Without a soul noticing, President Jacob Zuma tried to gag the Marikana inquiry, says Bryan Rostron.
Pretoria - There was something very odd about our election: the results are in, the ruling party won handsomely, though with a smaller majority, there was an unexpectedly high voter turn-out and polling passed off smoothly. But had Sherlock Holmes been an election monitor, he might have pointed out that there was a dog that didn’t bark in the night.
Two years ago, police shot dead 34 miners. They were massacred in cold blood. The slaughter is incontestably visible on film. Altogether, 44 people died over several days of industrial unrest at the Lonmin mine in Marikana, but this mass killing of mine workers simply didn’t feature as an election issue.
Then, exactly one week before polling day, the chairman of the commission investigating the massacre announced that President Jacob Zuma had issued a proclamation which effectively prevents further probing of possible government complicity in the massacre, and still not a single dog barked, neither opposition politicians nor the press.
On Monday, after a flurry of telephone calls between the commission and the Ministry of Justice, commission chairman Ian Farlam said that ministers can still be called. We shall see. But why, during the last week of the election, wasn’t this apparent attempt to gag the commission a burning topic?
The proclamation, signed by Zuma, deletes paragraph 1.5 from the commission’s terms of reference. This clause required an investigation of “The role played by the Department of Mineral Resources or other government department or agency in relation to the incident and whether this was appropriate in the circumstances and consistent with their duties and obligations according to law.” The proclamation also required the commission to complete its work by July 31.
“There will be no justice for the Marikana miners,” bitterly remarked one lawyer who has been representing penniless widows of the slain miners. “Zuma prohibits evidence from his ministers and ends the commission prematurely. We thought Lonmin witnesses would be questioned for six to eight weeks, now we’ll be lucky to get six to eight days.”
In the immediate aftermath of the massacre, police charged 270 striking miners – many of whom were wounded by the police – with the murder of their slain comrades under the discredited apartheid-era doctrine of “common purpose”. Yet on the morning the decision was taken “to kill this thing” (in the words of the regional police commissioner), evidence has shown that 4 000 rounds of live ammunition were delivered to the police at Marikana and mortuary vans were summoned. It is all painfully and clearly laid out in Rehad Desai’s sombre documentary Miners Shot Down.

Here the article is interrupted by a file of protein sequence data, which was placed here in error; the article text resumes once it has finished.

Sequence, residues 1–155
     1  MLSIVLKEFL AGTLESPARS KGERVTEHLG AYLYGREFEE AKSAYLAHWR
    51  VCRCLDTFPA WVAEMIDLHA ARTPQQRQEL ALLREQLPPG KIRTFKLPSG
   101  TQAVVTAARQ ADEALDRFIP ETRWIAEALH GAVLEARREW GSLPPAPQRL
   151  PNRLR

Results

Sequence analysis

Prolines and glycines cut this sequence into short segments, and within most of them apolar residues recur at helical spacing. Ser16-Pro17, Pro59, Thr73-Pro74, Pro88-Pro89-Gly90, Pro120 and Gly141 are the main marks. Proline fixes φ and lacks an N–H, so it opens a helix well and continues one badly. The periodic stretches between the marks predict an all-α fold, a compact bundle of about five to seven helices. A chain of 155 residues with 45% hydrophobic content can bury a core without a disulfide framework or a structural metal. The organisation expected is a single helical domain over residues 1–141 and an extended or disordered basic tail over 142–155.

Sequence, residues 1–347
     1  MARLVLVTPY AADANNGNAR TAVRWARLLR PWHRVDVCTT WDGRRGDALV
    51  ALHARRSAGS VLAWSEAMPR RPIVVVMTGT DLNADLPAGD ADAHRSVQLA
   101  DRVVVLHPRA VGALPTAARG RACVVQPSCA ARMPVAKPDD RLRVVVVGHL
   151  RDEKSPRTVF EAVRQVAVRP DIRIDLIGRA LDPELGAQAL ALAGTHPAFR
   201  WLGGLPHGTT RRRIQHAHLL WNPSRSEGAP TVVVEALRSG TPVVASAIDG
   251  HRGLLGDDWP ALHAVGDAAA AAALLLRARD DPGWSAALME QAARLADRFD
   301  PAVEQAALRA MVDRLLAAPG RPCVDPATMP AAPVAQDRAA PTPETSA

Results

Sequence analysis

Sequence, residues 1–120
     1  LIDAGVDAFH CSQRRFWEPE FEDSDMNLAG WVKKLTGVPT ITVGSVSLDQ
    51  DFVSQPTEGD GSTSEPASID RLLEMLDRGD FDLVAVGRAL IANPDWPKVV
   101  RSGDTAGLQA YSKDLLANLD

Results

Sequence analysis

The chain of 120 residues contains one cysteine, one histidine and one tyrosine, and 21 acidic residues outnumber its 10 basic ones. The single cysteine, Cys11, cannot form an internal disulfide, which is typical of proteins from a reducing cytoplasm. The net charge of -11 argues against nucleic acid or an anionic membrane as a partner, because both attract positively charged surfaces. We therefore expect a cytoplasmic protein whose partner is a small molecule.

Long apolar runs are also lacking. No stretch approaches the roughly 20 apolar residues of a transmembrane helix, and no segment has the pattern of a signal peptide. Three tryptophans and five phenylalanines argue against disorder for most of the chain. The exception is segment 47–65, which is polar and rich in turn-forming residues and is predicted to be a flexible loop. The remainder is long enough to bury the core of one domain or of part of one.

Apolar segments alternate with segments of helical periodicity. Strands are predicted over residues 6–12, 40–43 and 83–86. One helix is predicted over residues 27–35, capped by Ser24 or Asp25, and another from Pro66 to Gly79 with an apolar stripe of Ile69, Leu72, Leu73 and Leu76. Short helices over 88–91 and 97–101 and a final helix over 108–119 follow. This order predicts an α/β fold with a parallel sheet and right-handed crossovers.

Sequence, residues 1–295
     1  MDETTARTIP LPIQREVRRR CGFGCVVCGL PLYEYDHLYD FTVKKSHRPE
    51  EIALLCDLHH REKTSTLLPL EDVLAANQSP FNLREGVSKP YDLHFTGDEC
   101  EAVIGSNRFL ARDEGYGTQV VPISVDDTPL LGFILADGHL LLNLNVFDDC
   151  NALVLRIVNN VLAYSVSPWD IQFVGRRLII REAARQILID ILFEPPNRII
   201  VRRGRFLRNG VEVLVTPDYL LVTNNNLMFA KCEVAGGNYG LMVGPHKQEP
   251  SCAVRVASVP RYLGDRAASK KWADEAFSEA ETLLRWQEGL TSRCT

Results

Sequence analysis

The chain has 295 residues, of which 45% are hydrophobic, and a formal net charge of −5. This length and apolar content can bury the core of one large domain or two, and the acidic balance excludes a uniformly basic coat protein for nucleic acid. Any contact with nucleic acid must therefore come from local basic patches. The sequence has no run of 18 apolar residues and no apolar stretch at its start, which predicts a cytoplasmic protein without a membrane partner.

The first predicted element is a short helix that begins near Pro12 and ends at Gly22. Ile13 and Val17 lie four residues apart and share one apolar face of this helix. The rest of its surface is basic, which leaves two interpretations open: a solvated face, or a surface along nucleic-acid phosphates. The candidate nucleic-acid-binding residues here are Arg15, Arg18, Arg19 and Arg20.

So where does ultimate responsibility for these murders rest? Evidence so far suggests a cabinet-level decision, however, with Zuma’s proclamation, that may now never be explored.
After the commission has unravelled a quagmire of police lies and cover-ups, a few lower-ranking policemen will probably be sacrificed, perhaps even the hapless police commissioner Riah Phiyega who has given clumsy and contradictory testimony..
The infamous e-mail from Cyril Ramaphosa to fellow Lonmin directors on the afternoon before the massacre states that he had a discussion with Minister of Mineral Resources Susan Shabangu, and she promised that she was, “going into cabinet and would brief the president as well as get the Minister of Police Nathi Mthethwa to act in a more pointed way.”
Under the terms of Zuma’s recent proclamation, it seems that neither Ministers Shabangu and Mthethwa nor Zuma will be called to account for what they knew and what instructions they issued.
Ramaphosa, interviewed for Miners Shot Down, declined to answer questions on the basis that he was likely to be called before the commission of inquiry. Already deputy president of the ANC, Ramaphosa is likely to become deputy president of the country due to its election victory. Under the proclamation, he would also probably be exempt from being questioned.
Why on earth has this been ignored by newspapers and opposition politicians? One answer is that the media is far more interested in the soap opera of Oscar Pistorius’s trial. But the other? The implausibly shocking thing for many South Africans – and for the miners themselves – is precisely what one of the strikers tells his companions as police ominously begin to encircle their rocky mound, “The people who are doing these things to us are people who look just like us.”